The Christchurch Civic Creche Case

News Reports Index

1993 Jan-May

The Press
May 21, 1993

Pair 'intelligent but immature'

A final-year law student and a part time lecturer at the University of Canterbury were described by Judge Bisphan in the District Court yesterday as behaving more like primary school children than adults at a university.

His remarks were made when giving a decision on an intimidation charge, during which the background to what he termed the "bad blood" between them was related.

Reasons for their differences were said to have included the lecturer's spreading rumours about the university campus, and his "persecution" of the law student with "outrageous allegations" of child sexual abuse.

The judge convicted the student, Robert John Davidson, aged 42, a final year law student, that with intent to frighten Bruce MacDonald Curtis on February 16 he threatened to injure him by running him down and killing him.

The judge said his impression of them was that they were both intelligent but immature men.

Davidson was remanded at large to May 27 for sentence. He was represented by Mr Kevin Campbell. Sergeant Pat Creasey prosecuted.

Mr Curtis, in evidence yesterday, said he was a Ph.D candidate, a part time lecturer, and tutorial assistant at the university. He told of cycling in Armagh Street, with his young son on a seat on the bicycle bar, when Davidson turned his car from Fitzgerald Avenue into Armagh Street.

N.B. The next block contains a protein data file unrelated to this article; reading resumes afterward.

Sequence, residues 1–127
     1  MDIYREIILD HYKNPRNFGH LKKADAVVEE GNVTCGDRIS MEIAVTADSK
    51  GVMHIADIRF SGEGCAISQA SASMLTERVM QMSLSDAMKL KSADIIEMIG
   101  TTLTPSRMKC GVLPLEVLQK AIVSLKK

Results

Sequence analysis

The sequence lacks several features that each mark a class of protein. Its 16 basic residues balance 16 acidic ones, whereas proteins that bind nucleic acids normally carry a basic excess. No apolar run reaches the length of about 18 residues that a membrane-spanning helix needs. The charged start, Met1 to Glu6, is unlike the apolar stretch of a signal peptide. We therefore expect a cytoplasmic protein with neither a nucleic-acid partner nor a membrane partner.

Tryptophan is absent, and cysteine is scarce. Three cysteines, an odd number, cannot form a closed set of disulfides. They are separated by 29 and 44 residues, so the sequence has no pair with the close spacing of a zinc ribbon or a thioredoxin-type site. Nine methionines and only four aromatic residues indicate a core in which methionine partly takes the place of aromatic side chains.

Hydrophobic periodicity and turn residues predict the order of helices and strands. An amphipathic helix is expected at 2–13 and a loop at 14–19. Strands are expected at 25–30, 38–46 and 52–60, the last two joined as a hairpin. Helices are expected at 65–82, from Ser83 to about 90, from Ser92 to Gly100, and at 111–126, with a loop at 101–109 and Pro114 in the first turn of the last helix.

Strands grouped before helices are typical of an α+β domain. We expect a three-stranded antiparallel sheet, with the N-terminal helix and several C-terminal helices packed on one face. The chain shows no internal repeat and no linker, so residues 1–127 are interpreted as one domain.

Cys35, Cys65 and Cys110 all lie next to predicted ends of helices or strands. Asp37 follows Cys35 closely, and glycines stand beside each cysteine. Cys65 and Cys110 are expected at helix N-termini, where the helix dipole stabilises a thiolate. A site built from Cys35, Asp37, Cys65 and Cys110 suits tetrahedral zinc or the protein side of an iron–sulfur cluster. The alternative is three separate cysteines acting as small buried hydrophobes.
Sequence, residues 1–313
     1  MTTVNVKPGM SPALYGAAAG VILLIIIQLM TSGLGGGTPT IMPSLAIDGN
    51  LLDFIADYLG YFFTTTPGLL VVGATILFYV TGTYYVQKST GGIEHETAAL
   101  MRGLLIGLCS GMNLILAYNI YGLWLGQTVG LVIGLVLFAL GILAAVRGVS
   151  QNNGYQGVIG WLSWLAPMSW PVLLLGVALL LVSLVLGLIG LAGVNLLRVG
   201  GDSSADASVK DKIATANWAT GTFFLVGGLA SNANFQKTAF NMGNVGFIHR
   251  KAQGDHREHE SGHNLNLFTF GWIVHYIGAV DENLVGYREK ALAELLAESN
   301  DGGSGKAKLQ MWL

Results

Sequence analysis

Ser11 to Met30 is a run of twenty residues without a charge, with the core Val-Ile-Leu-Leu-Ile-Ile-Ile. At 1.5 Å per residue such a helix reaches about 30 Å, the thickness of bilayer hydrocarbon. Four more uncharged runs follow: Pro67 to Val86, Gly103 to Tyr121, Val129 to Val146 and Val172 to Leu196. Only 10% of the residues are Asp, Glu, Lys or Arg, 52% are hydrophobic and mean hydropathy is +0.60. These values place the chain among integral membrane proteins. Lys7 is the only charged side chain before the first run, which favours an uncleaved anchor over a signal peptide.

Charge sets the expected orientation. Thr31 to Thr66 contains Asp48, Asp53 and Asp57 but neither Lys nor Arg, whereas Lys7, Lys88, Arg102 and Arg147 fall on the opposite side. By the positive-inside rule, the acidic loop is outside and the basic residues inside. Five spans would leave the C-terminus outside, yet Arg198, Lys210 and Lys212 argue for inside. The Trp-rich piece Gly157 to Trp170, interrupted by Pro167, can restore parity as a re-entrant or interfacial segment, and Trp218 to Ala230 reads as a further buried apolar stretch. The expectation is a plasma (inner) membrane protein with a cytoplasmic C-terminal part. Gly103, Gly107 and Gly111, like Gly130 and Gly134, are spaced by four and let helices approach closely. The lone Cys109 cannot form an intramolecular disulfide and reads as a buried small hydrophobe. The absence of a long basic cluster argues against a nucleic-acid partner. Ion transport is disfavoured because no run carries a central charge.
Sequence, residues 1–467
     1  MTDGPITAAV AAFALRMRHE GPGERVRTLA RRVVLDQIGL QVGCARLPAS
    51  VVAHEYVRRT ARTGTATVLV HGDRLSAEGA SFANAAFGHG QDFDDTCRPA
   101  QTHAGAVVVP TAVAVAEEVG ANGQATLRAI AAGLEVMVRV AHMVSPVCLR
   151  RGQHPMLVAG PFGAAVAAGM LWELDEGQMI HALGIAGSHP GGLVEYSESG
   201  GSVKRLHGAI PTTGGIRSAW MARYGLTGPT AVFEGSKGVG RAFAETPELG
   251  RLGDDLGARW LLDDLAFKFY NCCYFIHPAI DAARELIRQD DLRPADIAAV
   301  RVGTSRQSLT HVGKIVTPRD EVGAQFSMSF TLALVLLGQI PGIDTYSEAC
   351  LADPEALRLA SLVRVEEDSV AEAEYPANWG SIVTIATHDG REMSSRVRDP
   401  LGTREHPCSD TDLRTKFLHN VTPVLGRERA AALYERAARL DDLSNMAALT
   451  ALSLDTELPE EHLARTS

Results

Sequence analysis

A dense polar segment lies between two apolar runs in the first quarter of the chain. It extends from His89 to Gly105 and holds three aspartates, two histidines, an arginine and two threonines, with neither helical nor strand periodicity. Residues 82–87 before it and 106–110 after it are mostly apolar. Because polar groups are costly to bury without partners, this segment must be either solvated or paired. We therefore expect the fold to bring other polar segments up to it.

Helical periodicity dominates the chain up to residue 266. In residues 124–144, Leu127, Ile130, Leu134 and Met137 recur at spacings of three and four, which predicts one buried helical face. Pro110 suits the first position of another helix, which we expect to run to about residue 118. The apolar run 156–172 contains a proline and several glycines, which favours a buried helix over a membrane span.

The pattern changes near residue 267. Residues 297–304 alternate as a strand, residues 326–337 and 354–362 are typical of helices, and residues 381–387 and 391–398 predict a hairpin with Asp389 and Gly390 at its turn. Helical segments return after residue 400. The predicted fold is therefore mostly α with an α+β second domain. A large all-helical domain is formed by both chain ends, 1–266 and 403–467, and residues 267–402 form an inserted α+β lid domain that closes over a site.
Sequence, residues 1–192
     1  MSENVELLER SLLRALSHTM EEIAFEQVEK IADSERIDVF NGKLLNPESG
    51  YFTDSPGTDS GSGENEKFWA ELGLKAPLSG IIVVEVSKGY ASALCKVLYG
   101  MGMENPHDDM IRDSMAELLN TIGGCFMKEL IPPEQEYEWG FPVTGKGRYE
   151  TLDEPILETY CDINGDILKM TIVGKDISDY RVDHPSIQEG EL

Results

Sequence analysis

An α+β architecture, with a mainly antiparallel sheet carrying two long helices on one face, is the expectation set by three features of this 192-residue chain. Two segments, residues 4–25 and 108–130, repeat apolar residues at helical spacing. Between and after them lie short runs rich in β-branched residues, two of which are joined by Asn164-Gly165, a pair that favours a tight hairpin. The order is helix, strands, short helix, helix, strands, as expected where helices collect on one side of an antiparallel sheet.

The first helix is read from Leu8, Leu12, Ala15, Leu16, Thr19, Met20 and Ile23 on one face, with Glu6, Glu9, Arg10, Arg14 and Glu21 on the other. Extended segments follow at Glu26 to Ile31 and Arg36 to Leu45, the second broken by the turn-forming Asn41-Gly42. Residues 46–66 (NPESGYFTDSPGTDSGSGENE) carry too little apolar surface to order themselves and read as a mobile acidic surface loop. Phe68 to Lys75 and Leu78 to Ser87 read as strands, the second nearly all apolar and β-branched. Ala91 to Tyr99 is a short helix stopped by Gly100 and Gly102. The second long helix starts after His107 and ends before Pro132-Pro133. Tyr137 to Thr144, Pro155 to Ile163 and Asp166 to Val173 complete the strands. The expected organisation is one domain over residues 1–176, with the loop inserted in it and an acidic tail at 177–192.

Davidson then made a U-turn and repeatedly sounded his car's horn and drove closely behind him, towards Madras Street. He then leaned over from the driver's seat and told Mr Curtis he would kill him and run him over.

Mr Curtis said he thought of riding on to the footpath after the threat, but Davidson drove off. The incident had made him fearful for his and his son's safety.

Cross-examined, Mr Curtis denied goading Davidson or having conducted a vendetta against Davidson at the university by spreading rumours that he was a child abuser.

He said suggestions, including from the police, had been made for mediation but he had refused.

A woman cyclist, a student, said she saw the car driving closely behind then alongside the complainant. She thought it looked dangerous, and the motorist was "pushing" the cyclist towards the kerb.

After the car drove off she spoke to the cyclist. He asked if she would be a witness to the incident. She noted the car's registration number for him, and he obtained her name and telephone number.

Davidson, in evidence, said he came upon Mr Curtis by chance. He turned and caught up with him because he wanted to find out why he was persecuting him with allegations of child sexual abuse.

Davidson said he denied the complainant's allegations, which had been persistent around the campus and to other people they both knew. He found them very distressing and distasteful.

He drove to within 1m to 1.5m behind Mr Curtis to get his attention and get him to stop. He said Mr Curtis turned, smiled, sneered, and goaded him.

He gave up hope of making Mr Curtis stop, and became annoyed at his attitude. Before diving off he told Mr Curtis he should be careful or he could get run over.

He had no intention of running him over. It was a statement more of annoyance value because of his frustration with Mr Curtis over his persistent unwillingness to answer to his behaviour towards him.

Cross-examined, Davidson said his actions in making the U-turn and approaching Mr Curtis were entirely inappropriate and undignified. However they were a spur of the moment action to try to talk with him.

The judge said he could not find on the evidence that a threat to kill was made. He held that a threat to run Mr Curtis over was, however, made, with the intention of frightening him.